How to install Cisco VPN client on Windows 11

A person using a desktop computer.
(Image credit: Gorodenkoff / Shutterstock)

The original Cisco VPN client was discontinued back in 2011 and not supported by Windows 10 either. While there are plenty of the best VPN options to use instead, there is a way of using the Cisco Anyconnect VPN instead, if you’re now using Windows 11 and like the way this Virtual Private Network ticks.

Cisco Anyconnect is a VPN client, which offers quick and easy access to a private network via the internet, with a setup process that allows it to be tweaked to suit a variety of users. This latest iteration of the Cisco VPN client is a free download too, although it is perhaps not quite as user friendly as the paid-for options offered by the likes of ExpressVPN, NordVPN, Surfshark and the other premium VPN brands out there.

So, while you’ll need to have your configuration gloves on, in order to make the necessary tweaks to get Cisco Anyconnect running properly, you’ll also want to be in possession of a Cisco Anyconnect VPN account, along with a relevant and valid service contract. With those in place, you’ll be ready to pick through the following steps so that you can successfully install Cisco VPN client on Windows 11.

If you’re a small or medium business the Cisco Anyconnect VPN is a useful option if you’re looking to sure up your network and protect any sensitive data. Though compatibility issues and configuration challenges may make it less appealing than one of the easier options outlined above.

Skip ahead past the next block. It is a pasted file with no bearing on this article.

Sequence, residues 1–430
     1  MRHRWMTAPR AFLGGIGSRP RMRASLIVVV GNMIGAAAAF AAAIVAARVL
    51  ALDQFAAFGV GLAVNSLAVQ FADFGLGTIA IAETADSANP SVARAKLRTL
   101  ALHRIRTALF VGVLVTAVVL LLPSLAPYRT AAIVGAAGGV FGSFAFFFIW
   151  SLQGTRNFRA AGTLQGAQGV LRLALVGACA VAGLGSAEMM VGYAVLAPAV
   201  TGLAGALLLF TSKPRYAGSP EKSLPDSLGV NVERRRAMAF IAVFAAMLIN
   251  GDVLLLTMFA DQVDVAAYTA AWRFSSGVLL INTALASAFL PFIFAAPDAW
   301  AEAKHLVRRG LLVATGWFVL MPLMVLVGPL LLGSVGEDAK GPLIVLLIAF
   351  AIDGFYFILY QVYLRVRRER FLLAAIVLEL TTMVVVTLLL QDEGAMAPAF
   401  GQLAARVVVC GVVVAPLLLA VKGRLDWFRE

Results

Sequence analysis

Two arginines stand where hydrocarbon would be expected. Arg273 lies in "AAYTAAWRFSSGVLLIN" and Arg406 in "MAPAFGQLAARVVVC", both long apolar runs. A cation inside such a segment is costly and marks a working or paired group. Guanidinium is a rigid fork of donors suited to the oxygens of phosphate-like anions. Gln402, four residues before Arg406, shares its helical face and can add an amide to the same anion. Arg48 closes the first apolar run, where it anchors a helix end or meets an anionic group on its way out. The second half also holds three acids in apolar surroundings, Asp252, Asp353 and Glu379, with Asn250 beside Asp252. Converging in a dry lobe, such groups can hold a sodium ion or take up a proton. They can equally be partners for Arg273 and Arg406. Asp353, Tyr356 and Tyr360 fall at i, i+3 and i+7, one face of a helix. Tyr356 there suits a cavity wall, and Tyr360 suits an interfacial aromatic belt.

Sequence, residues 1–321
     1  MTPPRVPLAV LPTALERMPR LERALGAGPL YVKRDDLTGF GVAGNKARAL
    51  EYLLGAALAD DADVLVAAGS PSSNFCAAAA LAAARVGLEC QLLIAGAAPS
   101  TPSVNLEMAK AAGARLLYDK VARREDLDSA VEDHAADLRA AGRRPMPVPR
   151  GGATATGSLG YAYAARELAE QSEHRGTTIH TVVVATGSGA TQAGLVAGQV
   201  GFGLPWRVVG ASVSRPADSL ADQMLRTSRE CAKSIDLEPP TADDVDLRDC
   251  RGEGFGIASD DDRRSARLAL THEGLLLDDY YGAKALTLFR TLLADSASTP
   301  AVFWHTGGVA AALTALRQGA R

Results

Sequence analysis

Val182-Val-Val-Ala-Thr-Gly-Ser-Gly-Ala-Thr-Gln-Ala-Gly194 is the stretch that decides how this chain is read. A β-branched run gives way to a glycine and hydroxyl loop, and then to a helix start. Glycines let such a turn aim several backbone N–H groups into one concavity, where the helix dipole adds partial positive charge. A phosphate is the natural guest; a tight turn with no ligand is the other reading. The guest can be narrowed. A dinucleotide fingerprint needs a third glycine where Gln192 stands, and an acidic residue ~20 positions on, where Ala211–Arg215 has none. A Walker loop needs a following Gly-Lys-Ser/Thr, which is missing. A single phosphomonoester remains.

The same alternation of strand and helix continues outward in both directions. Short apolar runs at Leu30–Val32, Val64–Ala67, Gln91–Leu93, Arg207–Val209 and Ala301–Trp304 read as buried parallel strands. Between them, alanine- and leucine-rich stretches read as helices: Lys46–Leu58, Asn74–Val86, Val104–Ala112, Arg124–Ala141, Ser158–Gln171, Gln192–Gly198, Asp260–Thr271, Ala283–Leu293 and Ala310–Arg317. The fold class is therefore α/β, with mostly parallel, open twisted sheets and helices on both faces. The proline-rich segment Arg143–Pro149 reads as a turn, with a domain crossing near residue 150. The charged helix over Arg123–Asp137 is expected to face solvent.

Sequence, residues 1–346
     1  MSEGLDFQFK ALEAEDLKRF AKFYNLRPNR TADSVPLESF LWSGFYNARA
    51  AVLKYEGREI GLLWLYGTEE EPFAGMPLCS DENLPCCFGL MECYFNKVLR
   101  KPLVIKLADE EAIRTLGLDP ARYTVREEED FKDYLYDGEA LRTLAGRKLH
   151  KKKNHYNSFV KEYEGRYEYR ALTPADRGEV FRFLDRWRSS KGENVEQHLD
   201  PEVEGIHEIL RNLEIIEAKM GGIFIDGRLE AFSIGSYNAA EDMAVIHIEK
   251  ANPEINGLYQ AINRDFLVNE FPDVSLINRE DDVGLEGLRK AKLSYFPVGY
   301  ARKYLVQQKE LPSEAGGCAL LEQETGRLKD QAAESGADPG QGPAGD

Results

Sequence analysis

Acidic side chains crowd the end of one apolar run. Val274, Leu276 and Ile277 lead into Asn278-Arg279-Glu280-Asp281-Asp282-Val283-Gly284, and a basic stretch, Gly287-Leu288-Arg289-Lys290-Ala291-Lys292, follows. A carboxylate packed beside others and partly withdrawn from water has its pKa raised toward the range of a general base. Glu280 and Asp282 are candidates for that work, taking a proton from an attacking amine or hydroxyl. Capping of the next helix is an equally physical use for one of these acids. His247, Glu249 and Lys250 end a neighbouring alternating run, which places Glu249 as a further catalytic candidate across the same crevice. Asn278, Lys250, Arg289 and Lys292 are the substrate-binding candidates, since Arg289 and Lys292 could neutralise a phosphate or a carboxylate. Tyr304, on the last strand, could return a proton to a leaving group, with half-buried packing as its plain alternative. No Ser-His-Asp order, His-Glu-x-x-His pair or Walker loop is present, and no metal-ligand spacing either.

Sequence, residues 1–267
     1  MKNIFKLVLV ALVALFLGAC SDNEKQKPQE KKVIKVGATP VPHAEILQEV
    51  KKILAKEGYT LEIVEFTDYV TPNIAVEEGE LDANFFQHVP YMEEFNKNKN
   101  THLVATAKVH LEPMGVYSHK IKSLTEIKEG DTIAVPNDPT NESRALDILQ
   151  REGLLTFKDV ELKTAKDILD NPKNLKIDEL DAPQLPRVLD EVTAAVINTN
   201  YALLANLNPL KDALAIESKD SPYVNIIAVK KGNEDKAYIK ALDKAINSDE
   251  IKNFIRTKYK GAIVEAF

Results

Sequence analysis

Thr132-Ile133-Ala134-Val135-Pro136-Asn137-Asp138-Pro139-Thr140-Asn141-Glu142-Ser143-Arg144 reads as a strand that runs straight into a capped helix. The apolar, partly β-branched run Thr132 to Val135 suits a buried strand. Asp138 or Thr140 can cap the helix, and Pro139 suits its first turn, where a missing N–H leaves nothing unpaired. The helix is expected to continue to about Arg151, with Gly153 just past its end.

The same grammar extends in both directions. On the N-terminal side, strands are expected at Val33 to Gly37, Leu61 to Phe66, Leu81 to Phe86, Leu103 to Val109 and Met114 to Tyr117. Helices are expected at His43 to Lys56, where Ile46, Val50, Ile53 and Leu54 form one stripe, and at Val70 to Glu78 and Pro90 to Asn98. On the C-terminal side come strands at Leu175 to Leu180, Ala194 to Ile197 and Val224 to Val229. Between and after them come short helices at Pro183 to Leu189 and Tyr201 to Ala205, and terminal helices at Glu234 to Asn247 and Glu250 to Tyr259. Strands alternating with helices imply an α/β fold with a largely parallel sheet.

Download Cisco Anyconnect

Launch your web browser and head to the Cisco Anyconnect VPN download area. Note that AnyConnect 4.10 is available to customers with active AnyConnect Apex, Plus or VPN Only term/contracts. As is always the case, try to ensure that you’re using the latest version of any software, as there have been some issues with users trying to install older incarnations that aren’t compatible with Windows 11. You might also want to avoid having another VPN on your machines too, which could cause a clash, so this is best disabled before you start.

You’ll want to ensure the Windows executable you retrieve is the latest version of the 64-bit client or it might not work as anticipated. After that, download the Cisco VPN client itself from Dropbox, although we couldn’t get a download to initiate from the latter (perhaps you’ll have more luck).

If you opt for the Dropbox route, make sure you select ‘Direct download’ rather than ‘Save to my Dropbox’. Note that you don’t have to sign up for a Dropbox account to access this file despite the web client prompting you to. In fact, you can continue to download the Windows executable installer without signing up for a new account or logging into an existing one.

With the EXE file downloaded, you’re going to have to make some changes before you can actually perform an installation of the Cisco VPN client. First off, you’re probably going to run into an error claiming that the file isn’t supported by your version of Windows.

To bypass this, unzip the file using file compression software like WinZip or 7-Zip and extract it to some place memorable like your desktop. Then, if you’re like us, you’ll encounter another issue: the freshly unzipped file will be an unopenable MST file, which luckily we have a stupidly easy fix for. Right click and change the MST portion of the file name to MSI – it’s that simple.